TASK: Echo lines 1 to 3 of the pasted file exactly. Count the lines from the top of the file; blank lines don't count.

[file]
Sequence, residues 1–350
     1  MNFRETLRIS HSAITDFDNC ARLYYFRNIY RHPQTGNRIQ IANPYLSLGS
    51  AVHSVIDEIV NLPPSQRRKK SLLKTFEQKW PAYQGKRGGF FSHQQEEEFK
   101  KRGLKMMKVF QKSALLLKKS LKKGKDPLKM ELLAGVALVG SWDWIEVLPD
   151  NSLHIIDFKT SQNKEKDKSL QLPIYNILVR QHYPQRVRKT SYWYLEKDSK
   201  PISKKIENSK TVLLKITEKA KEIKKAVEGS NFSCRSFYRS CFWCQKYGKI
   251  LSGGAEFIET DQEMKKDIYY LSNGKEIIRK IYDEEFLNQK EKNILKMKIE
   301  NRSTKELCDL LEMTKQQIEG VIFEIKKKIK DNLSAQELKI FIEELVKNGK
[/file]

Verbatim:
Sequence, residues 1–350
     1  MNFRETLRIS HSAITDFDNC ARLYYFRNIY RHPQTGNRIQ IANPYLSLGS
    51  AVHSVIDEIV NLPPSQRRKK SLLKTFEQKW PAYQGKRGGF FSHQQEEEFK